- Democrats move left: In 2000, 29 percent of Democrats identified as liberal; in 2015, 45 percent gave that response (Gallup). Among white Democratic registered voters, 28 percent identified as liberal in 2000. In 2015, the percentage who gave that response had jumped to 50 percent (Pew).
- Democrats in 2016: Thirty-six percent of Democrats would like to see their party nominate a liberal for president, while 40 percent would prefer a moderate (Gallup). One-third of registered voters who would vote in a Democratic primary would prefer the next president’s goals and policies be much more or somewhat more liberal than those of Barack Obama (Pew).
- Republicans in 2016: Sixty percent of Republicans would like to see their party nominate a conservative for president, almost unchanged from 2007, when 64 percent gave that response (NBC News/The Wall Street Journal). An equal proportion of Republican registered primary voters (43 percent) say they want the next president to be more conservative than George W. Bush and about the same as he was (NBC News/The Wall Street Journal).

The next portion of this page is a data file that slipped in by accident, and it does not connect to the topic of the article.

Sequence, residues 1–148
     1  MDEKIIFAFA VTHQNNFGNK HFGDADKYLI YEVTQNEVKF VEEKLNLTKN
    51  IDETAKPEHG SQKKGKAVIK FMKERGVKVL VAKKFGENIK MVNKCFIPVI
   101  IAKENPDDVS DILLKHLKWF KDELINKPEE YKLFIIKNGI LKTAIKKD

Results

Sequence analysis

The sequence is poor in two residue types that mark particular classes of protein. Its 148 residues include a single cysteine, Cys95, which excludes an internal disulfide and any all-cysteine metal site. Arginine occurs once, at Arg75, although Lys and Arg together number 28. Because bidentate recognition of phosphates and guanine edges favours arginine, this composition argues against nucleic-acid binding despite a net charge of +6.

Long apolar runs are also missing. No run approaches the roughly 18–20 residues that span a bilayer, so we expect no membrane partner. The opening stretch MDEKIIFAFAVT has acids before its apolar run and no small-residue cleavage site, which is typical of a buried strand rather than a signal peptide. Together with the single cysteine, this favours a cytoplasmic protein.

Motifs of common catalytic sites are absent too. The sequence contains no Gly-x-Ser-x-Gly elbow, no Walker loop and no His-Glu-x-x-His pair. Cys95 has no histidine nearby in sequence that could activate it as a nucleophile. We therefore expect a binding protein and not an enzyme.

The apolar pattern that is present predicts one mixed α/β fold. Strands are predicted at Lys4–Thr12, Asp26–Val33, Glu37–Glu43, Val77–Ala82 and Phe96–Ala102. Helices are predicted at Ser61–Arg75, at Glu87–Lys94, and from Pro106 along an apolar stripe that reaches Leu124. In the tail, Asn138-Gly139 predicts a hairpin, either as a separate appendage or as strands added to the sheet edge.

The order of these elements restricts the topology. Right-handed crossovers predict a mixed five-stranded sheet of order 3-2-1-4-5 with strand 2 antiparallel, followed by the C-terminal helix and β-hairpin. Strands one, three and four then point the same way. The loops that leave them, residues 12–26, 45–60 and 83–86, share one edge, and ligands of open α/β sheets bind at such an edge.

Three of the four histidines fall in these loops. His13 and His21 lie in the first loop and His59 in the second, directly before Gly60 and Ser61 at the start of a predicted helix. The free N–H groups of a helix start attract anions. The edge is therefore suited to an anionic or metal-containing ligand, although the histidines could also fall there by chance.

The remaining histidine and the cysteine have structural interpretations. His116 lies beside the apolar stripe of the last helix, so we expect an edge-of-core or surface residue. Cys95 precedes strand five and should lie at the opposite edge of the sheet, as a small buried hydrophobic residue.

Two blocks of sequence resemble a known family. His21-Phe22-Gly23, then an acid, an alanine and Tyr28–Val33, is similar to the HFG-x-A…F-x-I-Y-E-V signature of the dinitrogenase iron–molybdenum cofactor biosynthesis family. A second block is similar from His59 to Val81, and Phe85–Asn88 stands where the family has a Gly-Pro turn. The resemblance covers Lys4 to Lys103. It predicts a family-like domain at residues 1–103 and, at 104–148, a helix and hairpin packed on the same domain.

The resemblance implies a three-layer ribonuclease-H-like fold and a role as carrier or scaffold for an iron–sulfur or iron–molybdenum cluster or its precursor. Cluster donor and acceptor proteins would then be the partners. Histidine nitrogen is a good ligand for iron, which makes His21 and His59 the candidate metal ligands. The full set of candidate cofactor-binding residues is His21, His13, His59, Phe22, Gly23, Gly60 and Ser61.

Primaries, primaries, primaries
- Six big ones: More than 20 percent of each party’s pledged delegates will be allocated during the March primaries in Georgia, Texas, Michigan, Florida, Illinois, and Ohio. Exit polls from the 2008 and 2012 primaries show that in most of these states, pluralities of primary voters are college graduates, although Midwestern state voters have less formal education. In two states in 2008, Georgia and Texas, the Democratic primary electorates were majority-minority. GOP contests were largely white and, in southern states, heavily evangelical